A look at the lives of militants on the Niger Delta
Getting affordable oil comes at a price, especially to local populations. This was probably best explored in Joe Berlinger's 2009 documentary Crude, which focused on Chevron's pollution and negligence in Ecuador. It's a film that also cost Berlinger dearly: a legal action brought against Berlinger by Chevron resulted in more than $1 million in legal fees for the filmmaker. There's a cost when you take on powerful interests, no matter where you're from.
Something similar in terms of power is going on in Andrew Berends's documentary Delta Boys. We're told at the beginning that Nigeria is the fifth largest supplier of oil to the United States and the eighth largest exporter of oil in the world. And yet most of the country lives in poverty, without jobs, without schools, without paved roads, and without clean water. Out of frustration, militant groups have risen up to fight the oil companies and the government along the Niger Delta.
Watching the film, you get a ground's eye view of militant life, which falls somewhere between freedom fighter and gangster.
Even though I'm pretty ignorant of the situation along the Niger Delta, it seems rash to think of the militants in Delta Boys in terms of moral absolutes. They are freedom fighters in that they want what's best for their country and its people (or at least they say they do); they are gangsters because with any type of power comes the ability to abuse it. The figurehead/godfather of one of these militant groups is Ateke Tom. He controls his nearly 2,000 militants with charisma, the way a business leader or a cult leader would. When he says go, you go, we're told; and when he says you don't go, you don't go.
A fight breaks out among Ateke Tom's rebels, and when Ateke Tom scolds those involved, Berends shoots the scene like Ateke is a disappointed father telling his boys to get along. He's a fascinating person to watch. He's a rotund man and looks incapable of fighting as well as his very fit militants, most of whom are in their twenties. And yet they fear and respect him (again, the scolding father image come to mind). During a press conference that Ateke Tom holds with local reporters, he seems a bit like a disinterested musician, but we see a certain fire from him later as he rallies his troops for a potential attack on an oil refinery.
The sense of power descends down the ranks. Two militants that Berends interview speak highly of their goal and who they are, one declaring himself immortal in a metaphorical sense -- if he dies, there will be someone else who will rise up to take up the cause for him. It's the sort of talk that could end with cries of "Viva la revolucion!" But in the scene after this, two villagers tell Berends that to speak against the militants means death. There are bodies buried all over the seashore as evidence. And in the scene after that one, we watch militants deal out punishment to one of their own by beating him all over the body with a switch. There's another scene where punishments are measured out in this way, and each time the men squirm like children as they writhe on the ground beneath the blows.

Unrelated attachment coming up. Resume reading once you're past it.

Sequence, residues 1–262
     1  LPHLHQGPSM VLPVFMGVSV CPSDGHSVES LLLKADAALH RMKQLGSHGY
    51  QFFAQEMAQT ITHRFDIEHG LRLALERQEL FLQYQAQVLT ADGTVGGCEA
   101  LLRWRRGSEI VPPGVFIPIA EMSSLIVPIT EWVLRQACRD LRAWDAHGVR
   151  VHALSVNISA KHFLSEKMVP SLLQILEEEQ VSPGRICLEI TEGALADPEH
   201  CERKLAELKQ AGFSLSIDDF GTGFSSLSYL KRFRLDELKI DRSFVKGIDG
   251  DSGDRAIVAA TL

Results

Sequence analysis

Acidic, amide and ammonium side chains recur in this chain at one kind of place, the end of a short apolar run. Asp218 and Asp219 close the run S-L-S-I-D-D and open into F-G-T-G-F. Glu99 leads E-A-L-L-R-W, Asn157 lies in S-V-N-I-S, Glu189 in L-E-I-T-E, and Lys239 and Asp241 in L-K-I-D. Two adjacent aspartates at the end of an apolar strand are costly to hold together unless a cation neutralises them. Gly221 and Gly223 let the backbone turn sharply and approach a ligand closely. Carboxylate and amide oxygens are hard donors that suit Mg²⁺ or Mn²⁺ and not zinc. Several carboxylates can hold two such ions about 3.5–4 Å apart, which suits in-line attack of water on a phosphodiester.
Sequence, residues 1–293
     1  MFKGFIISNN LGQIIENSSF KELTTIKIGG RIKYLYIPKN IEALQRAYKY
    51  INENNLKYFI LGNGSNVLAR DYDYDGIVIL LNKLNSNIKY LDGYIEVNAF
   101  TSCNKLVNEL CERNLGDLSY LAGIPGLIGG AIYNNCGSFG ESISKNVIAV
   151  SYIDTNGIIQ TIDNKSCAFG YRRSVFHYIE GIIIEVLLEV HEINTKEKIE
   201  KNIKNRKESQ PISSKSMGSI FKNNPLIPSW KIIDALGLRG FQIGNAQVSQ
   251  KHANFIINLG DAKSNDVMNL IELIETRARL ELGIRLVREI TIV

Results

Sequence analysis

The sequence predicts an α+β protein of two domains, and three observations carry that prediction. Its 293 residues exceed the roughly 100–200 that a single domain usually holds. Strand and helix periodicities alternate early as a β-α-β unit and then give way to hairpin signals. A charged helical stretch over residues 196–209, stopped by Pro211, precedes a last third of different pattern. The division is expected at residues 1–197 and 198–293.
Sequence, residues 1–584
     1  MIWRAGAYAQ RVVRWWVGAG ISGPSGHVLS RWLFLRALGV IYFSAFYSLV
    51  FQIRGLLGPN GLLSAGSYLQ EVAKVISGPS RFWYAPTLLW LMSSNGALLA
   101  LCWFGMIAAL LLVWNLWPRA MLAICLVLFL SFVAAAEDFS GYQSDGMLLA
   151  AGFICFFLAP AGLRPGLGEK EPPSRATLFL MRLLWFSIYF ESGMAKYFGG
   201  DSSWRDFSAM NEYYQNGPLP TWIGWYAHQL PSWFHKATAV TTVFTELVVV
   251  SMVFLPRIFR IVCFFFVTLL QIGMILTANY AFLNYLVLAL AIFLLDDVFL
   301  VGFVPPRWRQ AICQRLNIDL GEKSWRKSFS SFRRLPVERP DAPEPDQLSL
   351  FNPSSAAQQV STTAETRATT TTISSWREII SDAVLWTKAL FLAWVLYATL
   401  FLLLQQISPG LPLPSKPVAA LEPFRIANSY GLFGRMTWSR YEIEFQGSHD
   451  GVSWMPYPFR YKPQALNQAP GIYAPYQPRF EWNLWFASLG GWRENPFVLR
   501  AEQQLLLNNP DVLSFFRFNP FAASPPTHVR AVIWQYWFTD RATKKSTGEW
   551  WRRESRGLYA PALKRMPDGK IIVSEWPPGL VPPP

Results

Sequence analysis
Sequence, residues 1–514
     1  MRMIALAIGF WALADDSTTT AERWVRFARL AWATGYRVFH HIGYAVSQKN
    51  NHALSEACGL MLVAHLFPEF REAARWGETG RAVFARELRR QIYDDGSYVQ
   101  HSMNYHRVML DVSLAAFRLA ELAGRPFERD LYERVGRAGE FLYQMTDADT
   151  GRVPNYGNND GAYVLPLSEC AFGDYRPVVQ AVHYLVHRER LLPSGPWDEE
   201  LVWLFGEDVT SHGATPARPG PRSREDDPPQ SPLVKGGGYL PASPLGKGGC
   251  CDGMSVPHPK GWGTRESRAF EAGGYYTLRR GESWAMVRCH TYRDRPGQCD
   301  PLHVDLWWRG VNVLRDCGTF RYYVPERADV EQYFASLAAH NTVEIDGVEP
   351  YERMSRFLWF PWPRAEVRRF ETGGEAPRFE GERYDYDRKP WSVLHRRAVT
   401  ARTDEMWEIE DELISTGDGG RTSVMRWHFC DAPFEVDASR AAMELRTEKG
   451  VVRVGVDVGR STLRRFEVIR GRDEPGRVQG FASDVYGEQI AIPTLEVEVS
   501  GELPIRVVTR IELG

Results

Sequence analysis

But the choice in these parts of Nigeria seems to be revolt or starve. The militants eat well whereas the villagers eat not so well. While the film is more about the militants than the ecological effects of oil drilling and refinement in Nigeria, Berends does look briefly at how a young fisherman's job has been affected by chemicals in the water. A sickly rainbow sheen covers the water, which gives a sense of how bad things have become. The fisherman acknowledges why people go into militant life -- if there were no other jobs and militancy means something other than starving, why not? Faced with a similar choice, I would probably join up as well. It would be something to believe in.
While there are no embedded militant attacks caught in this ground's eye view of the Niger Delta, Berends does capture some tense moments on film. When he's initially introduced to the militants, there's a moment of absolute stillness that's surreal. It underlines Berends's outsider status as a white filmmaker (he even admits ignorance about the intricacies of the conflict at the film's outset), and it leads to one of the great extemporaneous lines in the documentary: "Say only what you see. Don't add or subtract." We also get a tense moment when one of the local women goes into labor. Without a hospital in the area, she waddles to the local midwives who help with the difficult birth. Berends nicely allows the worry and bustle of these moments to play out.
Though brief, Delta Boys offers a nice glimpse at the way the lives of militants crossover with the lives of the villagers they're ostensibly supposed to protect. There's focus on a young man named Chima, one of the militants, and how much his mother misses him and wishes he'd come home. Delta Boys opens with images of boys who couldn't be older than 10 playing with a beetle tied to a string. They're carefree, they're all smiles at that moment. I wonder what fate awaits them along the Niger Delta; I wonder how many more mothers are destined to miss their sons.